Rogue Amoeba has released a downgrade to Airfoil Speakers Touch, the app that enabled an iOS device to act as an AirPlay receiver. The downgrade was necessary because Apple pulled the app a few weeks ago, and the only way Rogue Amoeba could get it back in the App Store was by removing the AirPlay capabilities. Airfoil Speakers Touch can still receive audio from a Mac or a PC (and from an iOS device or iTunes through one of the above), but it can no longer appear as an AirPlay destination for iOS or iTunes directly. In this blog post, it becomes clear that Apple chose to restrict the app purely for unspecified and capricious reasons rather than any rule infractions. follow link
Option-Click AirPort Menu for Network Details
If you hold down the Option key while clicking the AirPort menu in Mac OS X 10.5 Leopard, you'll see not just the names of nearby Wi-Fi networks, but additional details about the selected network. Details include the MAC address of the network, the channel used by the base station, the signal strength (a negative number; the closer to zero it is, the stronger the signal), and the transmit rate in megabits per second showing actual network throughput. If you hover the cursor over the name of a network to which you're not connected, a little yellow pop-up shows the signal strength and type of encryption.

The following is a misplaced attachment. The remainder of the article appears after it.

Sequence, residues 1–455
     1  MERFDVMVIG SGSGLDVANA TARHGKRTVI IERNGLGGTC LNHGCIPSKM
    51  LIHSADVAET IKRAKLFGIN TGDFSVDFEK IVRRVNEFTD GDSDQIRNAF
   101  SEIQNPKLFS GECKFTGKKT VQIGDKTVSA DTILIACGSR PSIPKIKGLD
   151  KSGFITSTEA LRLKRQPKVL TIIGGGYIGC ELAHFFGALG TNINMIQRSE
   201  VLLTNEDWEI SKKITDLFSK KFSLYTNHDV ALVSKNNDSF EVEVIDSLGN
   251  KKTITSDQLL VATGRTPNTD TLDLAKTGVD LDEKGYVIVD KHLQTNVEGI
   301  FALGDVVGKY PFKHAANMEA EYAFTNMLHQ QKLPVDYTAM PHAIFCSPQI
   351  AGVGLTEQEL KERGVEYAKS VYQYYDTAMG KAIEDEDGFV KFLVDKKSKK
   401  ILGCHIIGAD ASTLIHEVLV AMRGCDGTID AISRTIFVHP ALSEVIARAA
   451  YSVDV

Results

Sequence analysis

Airfoil Speakers Touch Back in App Store without AirPlay Support
Comments about Airfoil Speakers Touch Back in App Store without AirPlay Support
(Comments are closed.)
(again I don't know anything about how Rogue Amoeba chose to implement this feature, this is merely a possibility)
Such reverse engineering (I believe) is prohibited by Apple's developer policies; plus it is in fact a violation of the Digital Millennium Copyright Act (DMCA), since the private key that was reverse engineered is a form of encryption.